Australian Dictionary of Biography

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Bevan, Llewelyn David (1842–1918)

by Niel Gunson

This article was published in Australian Dictionary of Biography, Volume 7, (MUP), 1979

Llewelyn David Bevan (1842-1918), by unknown engraver, 1886

Llewelyn David Bevan (1842-1918), by unknown engraver, 1886

La Trobe Picture Collection, State Library of Victoria, IAN24/07/86/120

Llewelyn David Bevan (1842-1918), Congregational minister, was born on 11 September 1842 at Llanelly, Carmarthen, Wales, son of Hopkin Bevan, actuary, and his wife Eliza, née Davies, a Congregational minister's daughter, and was related to prominent Dissenting preachers on both sides of his family. Raised in a cultured home atmosphere, Bevan attended University College School, London, boarding in a pious household where he matched his wits and physical strength with young ministers. He abandoned his plans for a legal career when he was converted by the preaching of Henry Grattan Guinness. A 'fine big boy, with dark flowing locks', he entered New College, then under Dr Robert Halley, father of his friend J. J. Halley, as a lay student in 1858. As an exhibitioner and prizeman he completed his B. A. in 1862 and LL.B. with honours in 1865 at the University of London, spending his last year at University College.

After ordination in 1865, Bevan assisted Dr. Thomas Binney at the King's Weigh House Chapel and in 1869-75 he was minister of Tottenham Court Chapel. He was early influenced by the Christian Socialist movement, and his popular London ministry was characterized by his concern for education and the welfare of the workers. He won the Marylebone seat on the London School Board on the minority 'free, compulsory and secular' platform in 1873, and in 1866-76 was active as a councillor of the Working Men's College founded in 1854 by F. D. Maurice, whose Bible class Bevan also took over. He preached at social crusades and revival meetings as well as lecturing in English at New College. By 1874, when he ministered for two months at the Central Church, Brooklyn, New York, Bevan had acquired an international reputation. He received calls from leading churches including Collins Street Independent Church, Melbourne, and finally accepted the ministry of the Brick Presbyterian Church in New York in 1876, becoming moderator of the New York Presbytery in 1880. In 1882, honoured with a Princeton doctorate, he removed to London as minister of the newly formed Highbury Quadrant (Congregational) Church. Such was his interest in social questions and his popularity that he was urged to stand for parliament, with the choice of three Liberal seats in Wales and one in North London, but in 1886, partly for the health of his family and in response to a fourth call, he accepted the ministry of Collins Street Independent Church. With his wife Louisa Jane, née Willett, whom he had married at Southampton on 2 April 1870, and his family, he reached Melbourne in the Valetta on 6 November 1886.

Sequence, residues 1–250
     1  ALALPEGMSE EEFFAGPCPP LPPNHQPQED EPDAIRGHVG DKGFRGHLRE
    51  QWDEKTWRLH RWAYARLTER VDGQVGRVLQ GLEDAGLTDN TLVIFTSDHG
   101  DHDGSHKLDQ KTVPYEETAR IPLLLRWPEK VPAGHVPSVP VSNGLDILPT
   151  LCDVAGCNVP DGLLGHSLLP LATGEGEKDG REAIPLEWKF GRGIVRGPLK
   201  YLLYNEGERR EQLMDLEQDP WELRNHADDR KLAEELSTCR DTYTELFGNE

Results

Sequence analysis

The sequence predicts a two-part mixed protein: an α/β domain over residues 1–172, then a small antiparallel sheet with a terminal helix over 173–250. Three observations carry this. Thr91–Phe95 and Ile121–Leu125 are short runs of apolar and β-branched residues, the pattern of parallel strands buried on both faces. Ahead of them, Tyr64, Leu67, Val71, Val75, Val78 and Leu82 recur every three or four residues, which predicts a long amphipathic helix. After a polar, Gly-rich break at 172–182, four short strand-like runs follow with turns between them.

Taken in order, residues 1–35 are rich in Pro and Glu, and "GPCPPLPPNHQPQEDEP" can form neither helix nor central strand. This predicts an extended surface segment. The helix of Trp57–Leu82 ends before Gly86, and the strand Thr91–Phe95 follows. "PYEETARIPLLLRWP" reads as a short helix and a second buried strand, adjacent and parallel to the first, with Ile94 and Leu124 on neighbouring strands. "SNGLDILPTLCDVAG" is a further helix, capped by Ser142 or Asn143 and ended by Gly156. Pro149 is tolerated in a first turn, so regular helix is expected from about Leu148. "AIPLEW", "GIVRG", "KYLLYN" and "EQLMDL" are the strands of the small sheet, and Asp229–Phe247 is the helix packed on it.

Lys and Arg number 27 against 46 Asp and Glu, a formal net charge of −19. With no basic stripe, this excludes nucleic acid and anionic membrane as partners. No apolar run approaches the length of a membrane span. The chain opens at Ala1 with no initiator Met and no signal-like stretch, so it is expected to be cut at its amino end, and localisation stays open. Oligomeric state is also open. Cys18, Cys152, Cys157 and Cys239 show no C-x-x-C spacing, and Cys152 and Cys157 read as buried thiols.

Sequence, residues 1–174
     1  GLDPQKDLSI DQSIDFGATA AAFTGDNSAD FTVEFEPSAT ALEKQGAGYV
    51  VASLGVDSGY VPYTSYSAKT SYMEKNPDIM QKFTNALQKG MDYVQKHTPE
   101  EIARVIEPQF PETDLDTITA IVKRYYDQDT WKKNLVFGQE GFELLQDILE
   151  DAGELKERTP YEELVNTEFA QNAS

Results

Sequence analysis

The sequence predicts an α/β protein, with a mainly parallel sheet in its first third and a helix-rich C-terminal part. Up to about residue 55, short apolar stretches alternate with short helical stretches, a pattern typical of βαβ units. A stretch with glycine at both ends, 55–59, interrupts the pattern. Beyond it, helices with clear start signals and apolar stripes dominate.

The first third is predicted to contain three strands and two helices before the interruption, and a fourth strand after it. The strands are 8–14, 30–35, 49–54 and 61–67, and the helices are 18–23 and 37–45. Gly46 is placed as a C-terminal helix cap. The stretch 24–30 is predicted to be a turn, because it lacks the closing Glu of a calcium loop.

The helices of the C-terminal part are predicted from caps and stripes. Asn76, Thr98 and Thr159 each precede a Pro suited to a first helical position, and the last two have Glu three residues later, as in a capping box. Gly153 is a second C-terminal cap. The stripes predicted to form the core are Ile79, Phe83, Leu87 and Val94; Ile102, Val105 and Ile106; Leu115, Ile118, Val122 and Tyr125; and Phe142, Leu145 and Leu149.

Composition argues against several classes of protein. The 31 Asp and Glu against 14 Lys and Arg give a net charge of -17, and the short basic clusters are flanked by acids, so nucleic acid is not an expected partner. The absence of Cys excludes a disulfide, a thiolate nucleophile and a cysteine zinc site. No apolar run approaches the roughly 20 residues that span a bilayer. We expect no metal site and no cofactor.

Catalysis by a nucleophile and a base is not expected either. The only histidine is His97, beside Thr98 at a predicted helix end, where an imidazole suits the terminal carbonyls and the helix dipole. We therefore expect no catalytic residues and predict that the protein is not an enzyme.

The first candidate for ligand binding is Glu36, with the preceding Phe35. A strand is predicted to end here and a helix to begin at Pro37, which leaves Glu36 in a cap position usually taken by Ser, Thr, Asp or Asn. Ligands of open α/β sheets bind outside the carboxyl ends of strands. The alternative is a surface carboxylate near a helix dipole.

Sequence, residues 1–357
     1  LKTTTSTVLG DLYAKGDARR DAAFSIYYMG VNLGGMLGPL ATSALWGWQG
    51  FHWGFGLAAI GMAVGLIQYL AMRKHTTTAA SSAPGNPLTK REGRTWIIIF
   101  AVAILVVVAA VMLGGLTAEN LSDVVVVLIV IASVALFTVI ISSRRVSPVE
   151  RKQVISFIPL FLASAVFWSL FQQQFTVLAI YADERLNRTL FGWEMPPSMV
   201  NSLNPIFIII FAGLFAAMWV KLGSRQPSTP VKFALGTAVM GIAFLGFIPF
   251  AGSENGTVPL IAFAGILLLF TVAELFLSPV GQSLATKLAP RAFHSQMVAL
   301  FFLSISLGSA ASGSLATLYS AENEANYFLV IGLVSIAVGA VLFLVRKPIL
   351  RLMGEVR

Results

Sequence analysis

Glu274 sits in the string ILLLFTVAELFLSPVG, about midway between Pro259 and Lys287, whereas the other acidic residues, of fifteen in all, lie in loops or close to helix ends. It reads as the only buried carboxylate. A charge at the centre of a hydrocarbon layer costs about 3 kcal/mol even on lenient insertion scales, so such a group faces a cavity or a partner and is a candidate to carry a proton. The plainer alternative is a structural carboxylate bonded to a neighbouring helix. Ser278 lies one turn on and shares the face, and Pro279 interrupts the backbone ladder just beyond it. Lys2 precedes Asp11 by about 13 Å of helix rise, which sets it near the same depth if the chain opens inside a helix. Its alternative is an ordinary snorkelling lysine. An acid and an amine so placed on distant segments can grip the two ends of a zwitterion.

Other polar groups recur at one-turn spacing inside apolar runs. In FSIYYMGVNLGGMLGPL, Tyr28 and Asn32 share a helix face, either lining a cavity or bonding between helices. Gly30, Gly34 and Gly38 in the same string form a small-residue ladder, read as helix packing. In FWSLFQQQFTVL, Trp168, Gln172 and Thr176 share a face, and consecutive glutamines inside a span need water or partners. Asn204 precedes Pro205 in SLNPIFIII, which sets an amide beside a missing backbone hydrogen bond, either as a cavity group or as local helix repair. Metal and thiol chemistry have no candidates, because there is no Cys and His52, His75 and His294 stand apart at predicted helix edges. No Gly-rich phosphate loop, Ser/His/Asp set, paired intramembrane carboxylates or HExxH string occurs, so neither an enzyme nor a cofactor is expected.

For twenty-three years Bevan was a leader of Protestant intellectual life in Melbourne. Although he became less insistent on some of his Gladstonian Liberal beliefs such as Irish Home Rule and free trade, he remained an ardent advocate of educational and social reform. In 1888-89 (also in 1898-99 and 1909-10) he was chairman of the Congregational Union of Victoria and made numerous visits overseas in the interests of wider Congregationalism, serving as a vice-president of its international councils at London in 1891 and Boston in 1899. He was chairman of the jury of education at the Melbourne Centennial International Exhibition of 1888, for which he was honoured by the French government, and in 1891 he served on a parliamentary committee to study the educational systems of France, Germany and the United States. In 1889, during the London dockers' strike, he addressed the public meeting organized in Melbourne by the Congregational Union and the Trades Hall Council to raise funds for strikers' families and, in 1892, with Rev. A. Gosman he was an advocate of labour colonies. An ardent believer in Australian Federation, based on an imperial federation ideal, he lectured tirelessly, one of his hymns on the subject being published in the Congregational hymnal. In the Federal election of 1901 he resisted pressure to stand against J. C. Manifold for Corangamite. He opposed the White Australia policy, but believed Australia had a right to its own Monroe doctrine in the Western Pacific.

In 1909 Bevan decided to lighten his ministerial load. From 1888 he had lectured in church history at the Congregational College of Victoria and in February 1910 he became principal of Parkin (Congregational) College, Adelaide, holding this position until he died there on 19 July 1918. For twenty-five years he had suffered from diabetes and ultimately from peripheral vascular disease. His successor, E. S. Kiek, thought him neither a profound nor exact scholar, but a man of wide culture. The Bevan lectures were given at Parkin in his memory in 1927-56.